I didn't get any photos on the way down because I was too lazy to get out my camera but I can say this was the most unpleasant part of the hike. Even though the others broke trail for me I was still postholing and banging my shins twisting my ankles and trying to just stay on the boulders. When we came on the 3 or 4 dreaded gulleys we got the ice axes out and crossed one at a time. The snow seemed pretty stable but my heart was still racing. We made it across all of them without incident and continued on to camp then to the parking lot. It was a great day on the mountain and was good experience.

After getting to the bottom we headed to Coyote Cantina where Shogun set the Grande Burrito eating contest in a Buena Vista record 2 minutes 24 seconds.

Good times! I hope to hike with you all again soon!

Thumbnails for uploaded photos (click to open slideshow):

 Comments or Questions

H2O problem
02/05/2011 00:22
Keep your nalgene/water bottle in your bag with you at night, and that should keep it from freezing. And if you can, heat up your water before sleeping with the bottle.
On a hike, keep a bottle inside your jacket, close to your body for heat, and that should help keep it from freezing as well.
I use the nalgene insulators and they work well if it‘s not too cold out. But I also put the bottle upside down so the bottom freezes before it will around the (wide) mouth piece.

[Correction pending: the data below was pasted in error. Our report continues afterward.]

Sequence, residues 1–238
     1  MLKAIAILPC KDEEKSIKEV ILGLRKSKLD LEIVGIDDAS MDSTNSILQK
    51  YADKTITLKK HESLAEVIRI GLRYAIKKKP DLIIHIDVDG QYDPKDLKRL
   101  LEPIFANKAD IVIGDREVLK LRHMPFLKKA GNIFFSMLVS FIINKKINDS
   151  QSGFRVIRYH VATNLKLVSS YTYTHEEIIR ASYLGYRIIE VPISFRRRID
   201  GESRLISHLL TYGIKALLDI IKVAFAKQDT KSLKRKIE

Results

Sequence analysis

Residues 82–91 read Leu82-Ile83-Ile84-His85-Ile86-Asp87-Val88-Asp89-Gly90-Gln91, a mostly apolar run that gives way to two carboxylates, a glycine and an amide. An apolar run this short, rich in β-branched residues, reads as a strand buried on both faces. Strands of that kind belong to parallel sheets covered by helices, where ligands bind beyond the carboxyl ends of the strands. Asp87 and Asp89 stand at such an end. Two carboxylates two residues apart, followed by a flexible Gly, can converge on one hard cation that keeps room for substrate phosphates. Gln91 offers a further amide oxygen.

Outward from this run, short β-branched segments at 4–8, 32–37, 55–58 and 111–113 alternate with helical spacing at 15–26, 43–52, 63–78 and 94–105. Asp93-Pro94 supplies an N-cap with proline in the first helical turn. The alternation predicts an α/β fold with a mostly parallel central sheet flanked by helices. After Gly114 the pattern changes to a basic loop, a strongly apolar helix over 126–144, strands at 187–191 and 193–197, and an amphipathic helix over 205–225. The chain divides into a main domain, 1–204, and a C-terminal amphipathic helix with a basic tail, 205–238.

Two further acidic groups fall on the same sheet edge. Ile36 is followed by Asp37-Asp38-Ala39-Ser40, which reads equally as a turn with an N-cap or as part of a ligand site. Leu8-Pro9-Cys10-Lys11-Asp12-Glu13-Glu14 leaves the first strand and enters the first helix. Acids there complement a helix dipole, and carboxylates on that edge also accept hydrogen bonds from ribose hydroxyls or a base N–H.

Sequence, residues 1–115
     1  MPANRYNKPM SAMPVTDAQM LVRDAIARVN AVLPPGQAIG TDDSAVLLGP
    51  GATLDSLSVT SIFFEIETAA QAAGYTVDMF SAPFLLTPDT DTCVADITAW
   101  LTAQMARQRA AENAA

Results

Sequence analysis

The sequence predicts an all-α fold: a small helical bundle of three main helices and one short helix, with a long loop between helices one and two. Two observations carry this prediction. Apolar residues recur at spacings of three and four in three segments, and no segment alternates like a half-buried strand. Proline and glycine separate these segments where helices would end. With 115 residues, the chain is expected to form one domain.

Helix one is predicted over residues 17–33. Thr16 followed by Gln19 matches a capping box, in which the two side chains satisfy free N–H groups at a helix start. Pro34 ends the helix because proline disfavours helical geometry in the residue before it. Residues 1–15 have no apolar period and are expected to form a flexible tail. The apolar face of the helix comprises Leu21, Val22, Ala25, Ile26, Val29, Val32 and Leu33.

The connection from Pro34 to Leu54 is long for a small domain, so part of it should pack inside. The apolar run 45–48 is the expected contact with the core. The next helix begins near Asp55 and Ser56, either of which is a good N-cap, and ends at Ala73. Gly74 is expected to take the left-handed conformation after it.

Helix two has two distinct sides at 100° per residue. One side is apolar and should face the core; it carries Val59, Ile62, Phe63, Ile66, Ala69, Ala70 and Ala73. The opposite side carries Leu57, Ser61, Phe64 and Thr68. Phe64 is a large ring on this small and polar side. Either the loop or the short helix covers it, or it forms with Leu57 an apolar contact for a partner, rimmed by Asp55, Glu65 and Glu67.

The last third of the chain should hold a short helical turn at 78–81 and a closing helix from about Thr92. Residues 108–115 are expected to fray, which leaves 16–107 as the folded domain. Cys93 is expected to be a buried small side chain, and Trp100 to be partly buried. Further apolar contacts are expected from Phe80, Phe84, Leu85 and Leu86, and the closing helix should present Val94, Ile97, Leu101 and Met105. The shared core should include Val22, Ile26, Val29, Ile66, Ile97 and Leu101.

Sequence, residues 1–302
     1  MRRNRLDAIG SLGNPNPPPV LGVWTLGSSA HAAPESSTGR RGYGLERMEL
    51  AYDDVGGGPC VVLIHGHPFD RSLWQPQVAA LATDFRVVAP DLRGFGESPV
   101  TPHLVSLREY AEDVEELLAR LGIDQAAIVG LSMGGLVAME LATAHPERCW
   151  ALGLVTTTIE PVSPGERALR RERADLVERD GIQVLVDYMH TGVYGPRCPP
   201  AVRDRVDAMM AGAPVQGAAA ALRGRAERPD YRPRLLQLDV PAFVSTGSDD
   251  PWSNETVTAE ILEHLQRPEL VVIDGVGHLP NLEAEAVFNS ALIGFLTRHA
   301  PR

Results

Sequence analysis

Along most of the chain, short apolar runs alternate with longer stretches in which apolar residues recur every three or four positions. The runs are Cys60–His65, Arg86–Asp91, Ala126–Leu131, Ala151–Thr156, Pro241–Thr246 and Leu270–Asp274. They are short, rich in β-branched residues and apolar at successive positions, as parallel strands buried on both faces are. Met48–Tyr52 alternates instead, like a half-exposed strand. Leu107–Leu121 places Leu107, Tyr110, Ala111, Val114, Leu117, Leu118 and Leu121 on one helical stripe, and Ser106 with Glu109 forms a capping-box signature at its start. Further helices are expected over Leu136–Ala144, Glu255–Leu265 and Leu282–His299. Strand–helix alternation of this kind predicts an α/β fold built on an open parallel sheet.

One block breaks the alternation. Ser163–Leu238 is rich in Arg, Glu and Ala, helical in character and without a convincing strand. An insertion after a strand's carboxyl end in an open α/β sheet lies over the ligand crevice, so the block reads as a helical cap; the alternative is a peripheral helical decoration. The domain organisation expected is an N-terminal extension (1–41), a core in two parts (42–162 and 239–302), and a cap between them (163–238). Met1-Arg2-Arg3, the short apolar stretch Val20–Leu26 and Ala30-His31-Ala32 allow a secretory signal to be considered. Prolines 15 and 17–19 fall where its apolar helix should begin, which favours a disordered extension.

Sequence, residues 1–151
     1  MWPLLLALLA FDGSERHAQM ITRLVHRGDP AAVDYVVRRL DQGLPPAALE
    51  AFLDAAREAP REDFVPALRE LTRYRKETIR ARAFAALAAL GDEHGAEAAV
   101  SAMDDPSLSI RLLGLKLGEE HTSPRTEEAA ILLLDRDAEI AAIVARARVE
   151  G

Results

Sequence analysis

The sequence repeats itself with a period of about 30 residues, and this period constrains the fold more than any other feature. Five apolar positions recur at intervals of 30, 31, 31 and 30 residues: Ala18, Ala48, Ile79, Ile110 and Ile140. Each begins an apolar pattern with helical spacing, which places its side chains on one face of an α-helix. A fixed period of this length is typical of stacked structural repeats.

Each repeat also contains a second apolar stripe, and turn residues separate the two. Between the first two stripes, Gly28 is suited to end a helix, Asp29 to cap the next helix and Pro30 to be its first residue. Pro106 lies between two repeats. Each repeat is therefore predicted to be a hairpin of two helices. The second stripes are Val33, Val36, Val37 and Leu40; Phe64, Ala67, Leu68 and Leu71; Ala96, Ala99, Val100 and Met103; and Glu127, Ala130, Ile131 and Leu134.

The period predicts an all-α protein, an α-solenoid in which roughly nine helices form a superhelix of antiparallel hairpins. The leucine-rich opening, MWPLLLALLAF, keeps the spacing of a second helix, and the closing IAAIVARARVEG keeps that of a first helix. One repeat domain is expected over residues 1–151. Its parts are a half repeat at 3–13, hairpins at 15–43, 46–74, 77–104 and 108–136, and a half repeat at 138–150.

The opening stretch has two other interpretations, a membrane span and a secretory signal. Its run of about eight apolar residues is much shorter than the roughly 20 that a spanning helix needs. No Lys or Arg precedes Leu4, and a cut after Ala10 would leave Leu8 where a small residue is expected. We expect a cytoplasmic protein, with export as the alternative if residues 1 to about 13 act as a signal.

Other than that, congratulations on your summit! And good for you for sticking with the climb.


Agree - sleeping with water
11/30/2010 17:28
When it's that cold, everything goes into the sleeping bag - even the boots! I throw all my Nalgenes into a garbage bag and tuck them into the bottom of the sleeping bag - boots go in another bag, etc. But you probably figured that out :-) That's my argument for owning a larger bag - you will need all that space in *real* winter camping (sub-zero temps), and when you don't you just tuck the extra bag underneath your body. As for the stoves, if you let your fuel get cold, it will take forever to burn (hours) so before you give up on them test them with warm (room temperature) fuel - yup, that goes inside too... lessons learned - the hard way.